Copyright Mystery Home

Copyright Overview: Copyright Coverage

One of the biggest mysteries is what is covered by copyright.

Copyright protects original works of authorship that are fixed in a tangible form of expression. That can mean "put on paper or canvas", but it also includes things that require a machine - such as a camera or a computer - to view.

Copyrightable works include:

General Categories

  • literary works
  • musical works, including any accompanying words
  • dramatic works, including any accompanying music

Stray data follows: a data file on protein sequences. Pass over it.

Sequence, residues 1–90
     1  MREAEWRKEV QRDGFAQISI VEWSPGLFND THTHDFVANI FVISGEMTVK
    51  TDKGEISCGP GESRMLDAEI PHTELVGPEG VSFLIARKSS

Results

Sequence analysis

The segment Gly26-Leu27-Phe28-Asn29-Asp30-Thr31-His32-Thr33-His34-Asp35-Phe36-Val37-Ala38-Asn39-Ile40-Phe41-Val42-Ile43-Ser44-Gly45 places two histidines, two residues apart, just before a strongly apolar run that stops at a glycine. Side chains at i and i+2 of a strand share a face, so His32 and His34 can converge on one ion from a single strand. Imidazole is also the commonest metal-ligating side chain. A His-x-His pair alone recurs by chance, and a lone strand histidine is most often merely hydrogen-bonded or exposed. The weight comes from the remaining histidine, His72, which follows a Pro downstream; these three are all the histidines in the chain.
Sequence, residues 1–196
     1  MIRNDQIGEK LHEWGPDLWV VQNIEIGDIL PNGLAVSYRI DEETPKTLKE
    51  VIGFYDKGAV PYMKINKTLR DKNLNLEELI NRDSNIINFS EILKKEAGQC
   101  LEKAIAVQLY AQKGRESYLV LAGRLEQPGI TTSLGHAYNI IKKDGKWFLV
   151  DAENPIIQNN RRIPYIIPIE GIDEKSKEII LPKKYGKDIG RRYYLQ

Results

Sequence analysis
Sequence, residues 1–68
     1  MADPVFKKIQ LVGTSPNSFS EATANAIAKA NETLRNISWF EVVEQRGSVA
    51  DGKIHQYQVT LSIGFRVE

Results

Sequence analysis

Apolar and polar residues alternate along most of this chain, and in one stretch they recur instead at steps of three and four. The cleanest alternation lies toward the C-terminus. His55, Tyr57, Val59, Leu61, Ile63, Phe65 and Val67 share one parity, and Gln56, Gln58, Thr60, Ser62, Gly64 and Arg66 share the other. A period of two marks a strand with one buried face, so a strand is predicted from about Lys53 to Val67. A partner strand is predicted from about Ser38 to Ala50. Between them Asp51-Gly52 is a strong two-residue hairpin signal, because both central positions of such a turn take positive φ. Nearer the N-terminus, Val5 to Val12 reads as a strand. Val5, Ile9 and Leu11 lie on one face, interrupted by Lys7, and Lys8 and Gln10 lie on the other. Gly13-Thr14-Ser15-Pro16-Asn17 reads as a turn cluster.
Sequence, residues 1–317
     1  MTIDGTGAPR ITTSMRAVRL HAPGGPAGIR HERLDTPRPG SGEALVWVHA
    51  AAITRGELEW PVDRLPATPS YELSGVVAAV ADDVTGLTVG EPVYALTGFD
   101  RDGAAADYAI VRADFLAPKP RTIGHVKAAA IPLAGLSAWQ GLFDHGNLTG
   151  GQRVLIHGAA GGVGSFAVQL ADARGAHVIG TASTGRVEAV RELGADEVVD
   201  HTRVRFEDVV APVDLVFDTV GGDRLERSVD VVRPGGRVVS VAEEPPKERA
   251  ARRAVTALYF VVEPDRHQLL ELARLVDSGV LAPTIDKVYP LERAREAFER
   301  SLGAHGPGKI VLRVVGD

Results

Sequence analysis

• pantomimes and choreographic works
  • pictorial, graphic, and sculptural works
  • motion pictures and other audiovisual works
  • sound recordings
  • architectural works

Digital Materials

  • electronic books
  • digital video
  • digital audio
  • graphics
  • E-mail
  • web sites
  • embedded works on web site

These are the kind of things we generally think of as copyrightable - but everything we create, from the doodle on the margin of our notes to the presentation we prepare for a class - is covered by copyright, once we fix it in a tangible form.

An idea is not copyrightable. The idea fixed into tangible form is copyrightable.

To do your own detective work on this, see the US Copyright Office's Circular 1: Copyright Basics.

Source: The information on this web page is based on the Copyright Office and Austin Community College.

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updated: 15 August, 2011